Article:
6.3.1 General Definitions

In this section, the term complex refers to a collection of cells together with their boundaries. A partition into cells can be derived from a complex, but the complex contains additional information that describes how the cells must fit together. The term cell decomposition still refers to the partition of the space into cells, which is derived from a complex.

It is tempting to define complexes and cell decompositions in a very general manner. Imagine that any partition of $ {\cal C}_{free}$ could be called a cell decomposition. A cell could be so complicated that the notion would be useless. Even $ {\cal C}_{free}$ itself could be declared as one big cell. It is more useful to build decompositions out of simpler cells, such as ones that contain no holes. Formally, this requires that every $ k$-dimensional cell is homeomorphic to $ B^k
\subset {\mathbb{R}}^k$, an open $ k$-dimensional unit ball. From a motion planning perspective, this still yields cells that are quite complicated, and it will be up to the particular cell decomposition method to enforce further constraints to yield a complete planning algorithm.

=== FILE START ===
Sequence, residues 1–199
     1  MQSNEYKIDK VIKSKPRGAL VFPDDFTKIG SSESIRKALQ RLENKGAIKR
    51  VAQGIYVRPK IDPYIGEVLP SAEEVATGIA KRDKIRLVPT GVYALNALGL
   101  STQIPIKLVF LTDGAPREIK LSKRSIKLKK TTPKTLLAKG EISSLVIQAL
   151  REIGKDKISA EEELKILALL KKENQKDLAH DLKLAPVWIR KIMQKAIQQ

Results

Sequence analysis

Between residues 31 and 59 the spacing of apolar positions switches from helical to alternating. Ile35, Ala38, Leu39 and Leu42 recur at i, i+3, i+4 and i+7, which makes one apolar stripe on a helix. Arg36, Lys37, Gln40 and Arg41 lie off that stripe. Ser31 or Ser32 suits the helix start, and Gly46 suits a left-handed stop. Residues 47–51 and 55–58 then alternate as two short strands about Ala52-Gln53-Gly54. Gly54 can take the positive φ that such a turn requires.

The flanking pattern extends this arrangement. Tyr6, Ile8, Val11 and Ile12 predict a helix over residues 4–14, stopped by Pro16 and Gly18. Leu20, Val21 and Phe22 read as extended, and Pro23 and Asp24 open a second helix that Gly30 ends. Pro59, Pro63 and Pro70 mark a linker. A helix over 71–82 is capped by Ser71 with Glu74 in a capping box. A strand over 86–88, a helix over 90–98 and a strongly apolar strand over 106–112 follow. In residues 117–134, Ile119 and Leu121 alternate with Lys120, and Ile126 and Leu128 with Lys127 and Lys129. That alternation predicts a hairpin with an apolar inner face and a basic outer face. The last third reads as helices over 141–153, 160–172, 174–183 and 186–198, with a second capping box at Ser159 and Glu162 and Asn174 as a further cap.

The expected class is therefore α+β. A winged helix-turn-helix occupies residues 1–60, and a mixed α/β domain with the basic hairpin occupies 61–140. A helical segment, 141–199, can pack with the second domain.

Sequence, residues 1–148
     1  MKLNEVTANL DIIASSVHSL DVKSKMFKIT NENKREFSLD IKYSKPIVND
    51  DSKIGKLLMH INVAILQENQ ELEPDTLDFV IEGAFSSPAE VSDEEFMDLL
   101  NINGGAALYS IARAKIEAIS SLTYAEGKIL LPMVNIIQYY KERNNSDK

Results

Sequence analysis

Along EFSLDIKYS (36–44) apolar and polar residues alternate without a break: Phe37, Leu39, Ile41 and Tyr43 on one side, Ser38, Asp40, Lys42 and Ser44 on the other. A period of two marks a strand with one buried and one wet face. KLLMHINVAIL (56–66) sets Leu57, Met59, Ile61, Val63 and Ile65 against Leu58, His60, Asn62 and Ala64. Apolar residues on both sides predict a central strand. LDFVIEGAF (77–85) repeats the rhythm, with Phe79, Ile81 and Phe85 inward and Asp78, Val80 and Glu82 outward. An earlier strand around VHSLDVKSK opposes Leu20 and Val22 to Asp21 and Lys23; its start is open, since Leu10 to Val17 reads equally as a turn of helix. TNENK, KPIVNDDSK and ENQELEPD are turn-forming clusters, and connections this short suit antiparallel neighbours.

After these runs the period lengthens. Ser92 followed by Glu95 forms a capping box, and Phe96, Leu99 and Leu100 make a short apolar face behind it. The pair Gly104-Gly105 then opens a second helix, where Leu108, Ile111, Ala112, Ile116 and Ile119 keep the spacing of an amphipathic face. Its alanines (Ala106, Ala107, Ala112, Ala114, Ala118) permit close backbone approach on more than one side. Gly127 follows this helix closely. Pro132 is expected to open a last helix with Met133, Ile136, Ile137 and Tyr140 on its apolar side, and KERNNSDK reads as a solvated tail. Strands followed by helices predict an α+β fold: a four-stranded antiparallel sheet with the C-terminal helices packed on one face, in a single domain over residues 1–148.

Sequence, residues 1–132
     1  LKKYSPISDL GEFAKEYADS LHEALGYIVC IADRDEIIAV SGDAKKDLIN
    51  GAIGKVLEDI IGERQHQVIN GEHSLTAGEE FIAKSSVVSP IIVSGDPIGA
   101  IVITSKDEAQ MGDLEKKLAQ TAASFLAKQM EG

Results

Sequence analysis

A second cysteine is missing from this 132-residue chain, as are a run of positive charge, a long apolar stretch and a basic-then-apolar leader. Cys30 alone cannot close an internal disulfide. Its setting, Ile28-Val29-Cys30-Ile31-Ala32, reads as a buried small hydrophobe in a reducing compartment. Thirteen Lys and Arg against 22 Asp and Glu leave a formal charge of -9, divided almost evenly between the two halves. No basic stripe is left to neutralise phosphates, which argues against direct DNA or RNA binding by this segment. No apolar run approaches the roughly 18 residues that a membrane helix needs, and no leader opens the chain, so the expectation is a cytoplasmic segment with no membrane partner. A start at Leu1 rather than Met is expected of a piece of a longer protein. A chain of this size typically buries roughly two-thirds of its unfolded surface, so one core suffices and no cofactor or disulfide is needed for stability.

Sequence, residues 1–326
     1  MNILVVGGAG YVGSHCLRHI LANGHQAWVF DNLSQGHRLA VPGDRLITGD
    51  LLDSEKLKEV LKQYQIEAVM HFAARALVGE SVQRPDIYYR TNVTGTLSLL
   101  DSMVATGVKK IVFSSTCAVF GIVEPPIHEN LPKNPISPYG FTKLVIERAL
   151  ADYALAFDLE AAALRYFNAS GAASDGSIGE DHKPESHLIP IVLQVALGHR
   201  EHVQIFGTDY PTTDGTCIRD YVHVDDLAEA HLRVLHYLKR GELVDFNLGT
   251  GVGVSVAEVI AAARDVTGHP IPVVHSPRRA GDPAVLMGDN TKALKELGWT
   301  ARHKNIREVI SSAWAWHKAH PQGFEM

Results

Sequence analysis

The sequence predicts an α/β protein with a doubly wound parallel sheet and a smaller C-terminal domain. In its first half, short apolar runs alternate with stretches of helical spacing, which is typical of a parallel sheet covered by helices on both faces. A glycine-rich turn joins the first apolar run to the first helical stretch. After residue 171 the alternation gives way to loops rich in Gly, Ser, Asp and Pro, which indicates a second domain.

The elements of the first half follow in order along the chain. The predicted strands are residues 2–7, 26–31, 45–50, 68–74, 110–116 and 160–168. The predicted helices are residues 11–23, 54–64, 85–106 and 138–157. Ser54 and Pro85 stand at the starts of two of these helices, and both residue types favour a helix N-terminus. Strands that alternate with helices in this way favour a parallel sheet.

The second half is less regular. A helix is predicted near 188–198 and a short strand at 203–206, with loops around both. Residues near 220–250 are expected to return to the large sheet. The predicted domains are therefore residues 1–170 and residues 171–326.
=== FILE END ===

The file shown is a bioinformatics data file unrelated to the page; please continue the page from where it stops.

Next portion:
Two different complexes will be introduced. The simplicial complex is explained because it is one of the easiest to understand. Although it is useful in many applications, it is not powerful enough to represent all of the complexes that arise in motion planning. Therefore, the singular complex is also introduced. Although it is more complicated to define, it encompasses all of the cell complexes that are of interest in this book. It also provides an elegant way to represent topological spaces. Another important cell complex, which is not covered here, is the CW-complex [439].

Steven M LaValle 2012-04-20